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The Yawijibaya, also known as the Jaudjibaia, were an indigenous Australian people of the Kimberley region of northern Western Australia.


Yawijibaya appears to have been a dialect closely related to the Worrorra branch of the mainland Worrorran language family, and similar to Umiida and Unggarrangu. Though little is known of it, a brief grammar survives, written up by the missionary Howard Coate.[1][2][3]


Yawijibaya country, altogether a little less than 50 square miles (130 km2) was confined to the Montgomery Islands, the surrounding reefs, and the islands in the southern area of Collier Bay. The main island in the group was called Jawutjap (Yawijib(a)).[4][2]

Social organization

The Yawijibaya moiety system was essentially identical to that which prevailed among the mainland tribes on the coast opposite.[2] While Coate and Norman Tindale stated that the Yawijibaya were strictly islanders, Valda Blundell's informants claimed two Yawijibaya clans had mainland estates, while another two maintains their estates on the Montgomery and the High Cliffy islands. She also thought that the mainland norm of asymmetrical wife exchanges between tribes obtaining on the continent was not repeated among the Yawijibaya, who were said to maintain a restricted inter-island clan system of wife exchange. The evidence is difficult to evaluate, given it came not from living Yawijibaya, but informants from tribes where amalgamation of customs had already taken place for some considerable time.[5]

Excavations on High Cliffy Island have uncovered extensive stone structures,[6] some consisting of dry-stone formwork only evidenced elsewhere on the other side of the continent at Lake Condah in Victoria. The island lies east of the Montgomery group. It takes its name from the geophysical feature of steeply rising up cliffs to a height of some 15 metres. In addition, 3 rock shelters, and several work sites, high-quality quartz sandstone, chert and limestone quarries, dugong-butchering areas and places for working metal harpoons, were revealed.[7] Given the presence of glassware, pottery and clay pipe material, it was suggested initially that the stone building might have been the handiwork of Makassar traders. The analysis concluded that the structures were of Aboriginal manufacture.[8] One possibility is that they are the remains of monsoonal refuges, where the Yawijibaya could retire to, in order to escape the mosquitoe and sandfly infestations that would have plagued their low-lying mangrove-fringed islands as the rains set in.[9][10]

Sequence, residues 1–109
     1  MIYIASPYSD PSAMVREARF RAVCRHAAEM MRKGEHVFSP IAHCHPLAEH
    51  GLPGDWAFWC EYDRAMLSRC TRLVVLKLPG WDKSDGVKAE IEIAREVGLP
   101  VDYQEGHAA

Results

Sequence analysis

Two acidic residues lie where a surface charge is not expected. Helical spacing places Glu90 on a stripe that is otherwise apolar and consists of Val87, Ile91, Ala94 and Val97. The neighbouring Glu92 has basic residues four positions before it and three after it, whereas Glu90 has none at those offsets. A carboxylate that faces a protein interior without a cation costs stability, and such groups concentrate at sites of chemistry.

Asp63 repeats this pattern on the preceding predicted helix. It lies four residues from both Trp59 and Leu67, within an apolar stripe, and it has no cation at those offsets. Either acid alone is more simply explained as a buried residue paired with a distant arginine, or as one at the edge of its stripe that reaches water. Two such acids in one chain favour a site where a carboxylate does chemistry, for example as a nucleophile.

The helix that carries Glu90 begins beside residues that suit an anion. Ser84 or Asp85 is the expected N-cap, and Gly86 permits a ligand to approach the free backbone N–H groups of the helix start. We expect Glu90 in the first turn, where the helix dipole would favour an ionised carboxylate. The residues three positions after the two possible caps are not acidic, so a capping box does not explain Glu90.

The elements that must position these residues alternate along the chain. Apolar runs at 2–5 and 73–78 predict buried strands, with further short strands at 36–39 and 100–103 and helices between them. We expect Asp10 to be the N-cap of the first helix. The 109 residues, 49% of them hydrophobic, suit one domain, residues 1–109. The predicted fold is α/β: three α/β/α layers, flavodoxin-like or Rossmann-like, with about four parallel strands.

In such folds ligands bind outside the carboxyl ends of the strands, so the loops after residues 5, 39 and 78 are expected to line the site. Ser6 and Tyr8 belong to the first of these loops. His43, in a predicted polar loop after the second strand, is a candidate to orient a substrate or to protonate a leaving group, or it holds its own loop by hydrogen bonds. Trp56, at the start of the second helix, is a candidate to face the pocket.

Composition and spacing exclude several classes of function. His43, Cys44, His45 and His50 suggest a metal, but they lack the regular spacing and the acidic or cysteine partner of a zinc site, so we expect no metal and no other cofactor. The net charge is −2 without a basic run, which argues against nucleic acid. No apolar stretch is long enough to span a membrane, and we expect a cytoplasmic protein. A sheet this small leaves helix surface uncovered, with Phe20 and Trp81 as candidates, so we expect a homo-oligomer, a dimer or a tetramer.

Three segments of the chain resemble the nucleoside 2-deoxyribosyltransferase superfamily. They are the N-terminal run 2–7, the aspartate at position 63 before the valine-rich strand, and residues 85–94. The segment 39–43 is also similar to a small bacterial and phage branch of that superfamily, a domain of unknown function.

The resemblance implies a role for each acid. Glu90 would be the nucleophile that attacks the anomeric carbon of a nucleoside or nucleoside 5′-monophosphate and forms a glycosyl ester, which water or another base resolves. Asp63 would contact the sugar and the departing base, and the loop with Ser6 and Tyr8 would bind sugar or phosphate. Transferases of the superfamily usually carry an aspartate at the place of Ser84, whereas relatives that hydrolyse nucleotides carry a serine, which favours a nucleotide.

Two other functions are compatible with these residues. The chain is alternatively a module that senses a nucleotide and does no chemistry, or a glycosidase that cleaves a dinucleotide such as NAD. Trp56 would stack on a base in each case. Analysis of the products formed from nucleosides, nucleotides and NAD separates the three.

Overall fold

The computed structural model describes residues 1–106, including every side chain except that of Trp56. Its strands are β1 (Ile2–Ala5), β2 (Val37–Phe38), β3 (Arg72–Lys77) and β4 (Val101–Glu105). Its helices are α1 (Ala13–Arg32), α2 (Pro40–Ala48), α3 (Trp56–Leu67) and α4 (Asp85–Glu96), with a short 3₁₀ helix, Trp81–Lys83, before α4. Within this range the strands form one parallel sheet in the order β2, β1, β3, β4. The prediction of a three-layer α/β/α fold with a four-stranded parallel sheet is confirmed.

The quarry works clearly have a trade purpose and are unique for the area and are unexampled on otherwise similar mainland locations, O'Connors argues:

large quantities of artefactual material found all over the High Cliffy Island testify to a level of stone working not seen in any of the mainland rockshelters and open sites.[11]


Howard Coate suggested that the rai myths of a spirit-child, encountered widely in this region, and also among the island and coastal peoples (Baada, Umiida and Unggarranggu) contiguous with the Yawijibaya, formed part of Yawijibaya thinking.[12] These properly refer to 'conception totems' (raya).[13]

According to one of their legends, the islands once formed a continuous landmass, which was destroyed when a tidal event washed over the area, leaving only islands in its wake.


The missionary and expert on the Worrorra, J. R. B. Love maintained that the Yawijibaya were being completely assimilated into the Worrorra people by the 1930s, as a clan of the latter's Atpalar moiety.[14] Valda Blundell recorded that in the early 1970s there was still one very old Yawijibaya man from the Montgomery islands resident at the Lombidina mission.[15]

The von Brandenstein hypothesis